Hair growth
Hair growth


Scalp hair can grow at a rate of between 0.6 cm and 3.6 cm per month. The growth of human hair depends on the continued keratinisation of epidermal cells.  Keratinisation is a process where a living keratin cell dehydrates and becomes a hardened keratin cell.  This process means cells that were previously growing and dividing below scalp level, can turn into the tough and waterproof material that can be continually regenerated and make up the hair fibre.  The keratin that makes up the hair fibre is produced from cells from the base of the dermal papillae.  The bound collection of dead cells that continues to be pushed up the hair follicle ends in the formation of hair that is seen above scalp level.

Hair is made up a protein called keratin and follows a specific growth cycle made up of three distinct phases: anagen, catagen and telogen.  The amount of keratin and the length of the growth cycles determine the length of the hair, the thickness of the hair fibre and the rate of hair growth.


Anagen phase | The proliferation of the hair shaft starts with the cells of the dermal papilla.  Growth factors instigate the anagen phase by signalling to the stem cells in the hair bulge.  The stem cells move down to the germinal matrix and differentiate into keratin cells.  The hair follicle derives nourishment from the dermal layer which feeds the keratin cells.  The keratinocytes grow larger and continue to divide whilst the keratin cells are biologically viable.  The growing hair shaft is pushed up by the increasing population of new keratin cells from the basal layer into the upper area of the root bulb.  The keratin cells then enter the fibrillation zone, and the framework of the cell skeleton starts to develop.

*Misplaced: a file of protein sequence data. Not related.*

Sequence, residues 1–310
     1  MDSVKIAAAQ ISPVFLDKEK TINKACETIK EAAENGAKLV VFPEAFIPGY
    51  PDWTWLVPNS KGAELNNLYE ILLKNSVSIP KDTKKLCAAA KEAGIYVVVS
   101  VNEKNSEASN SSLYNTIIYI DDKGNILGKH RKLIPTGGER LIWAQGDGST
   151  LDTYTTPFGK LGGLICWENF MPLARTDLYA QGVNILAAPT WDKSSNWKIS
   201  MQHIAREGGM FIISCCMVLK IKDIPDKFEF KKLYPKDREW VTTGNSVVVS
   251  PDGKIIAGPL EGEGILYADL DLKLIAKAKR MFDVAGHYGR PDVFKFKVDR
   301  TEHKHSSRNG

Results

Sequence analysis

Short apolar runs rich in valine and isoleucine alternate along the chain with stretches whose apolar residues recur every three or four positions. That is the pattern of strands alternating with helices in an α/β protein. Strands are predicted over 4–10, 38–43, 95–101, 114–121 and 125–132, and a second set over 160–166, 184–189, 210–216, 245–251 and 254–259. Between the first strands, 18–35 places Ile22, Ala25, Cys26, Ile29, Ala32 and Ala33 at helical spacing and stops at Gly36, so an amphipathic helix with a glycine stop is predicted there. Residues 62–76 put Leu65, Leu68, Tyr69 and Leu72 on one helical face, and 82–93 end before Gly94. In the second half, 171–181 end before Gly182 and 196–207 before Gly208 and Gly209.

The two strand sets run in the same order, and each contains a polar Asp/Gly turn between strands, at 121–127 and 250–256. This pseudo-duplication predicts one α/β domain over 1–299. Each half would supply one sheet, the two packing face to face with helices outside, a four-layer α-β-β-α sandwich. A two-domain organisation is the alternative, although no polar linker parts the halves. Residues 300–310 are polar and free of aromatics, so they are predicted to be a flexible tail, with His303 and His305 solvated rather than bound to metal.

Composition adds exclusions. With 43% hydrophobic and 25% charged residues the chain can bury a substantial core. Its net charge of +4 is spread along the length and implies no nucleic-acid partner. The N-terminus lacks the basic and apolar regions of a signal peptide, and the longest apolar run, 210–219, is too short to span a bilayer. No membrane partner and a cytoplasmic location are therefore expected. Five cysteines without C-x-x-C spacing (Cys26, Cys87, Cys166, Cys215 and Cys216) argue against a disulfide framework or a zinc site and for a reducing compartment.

Once cells enter the lower keratinisation zone, substantial disulphide cross linking starts creates a protein matrix.  Hydrogen bonding of amino acids further stabilises the structure and then more disulphide linking begins to create a rigid structure.  As the keratin cells reach the upper stabilisation zones, the cells begin to harden, and the keratin cells produce more and more keratin protein.  At this point the water content of the cell drops to around 20% and disulphide bonds continue to form.  As the cells unite, the absence of water leaves air-filled gaps in the hair shaft.

Catagen phase | The catagen phase is a transitional phase where the follicle enters a period of renewal.  The hair follicle will begin to shrink as the hair follicle starts to break down and the dermal papilla detaches from the dermis, cutting the follicle off from its usual blood supply.  The hair follicle canal is reduced to around 15-20% of its original length causing the hair fibre to be pushed upward.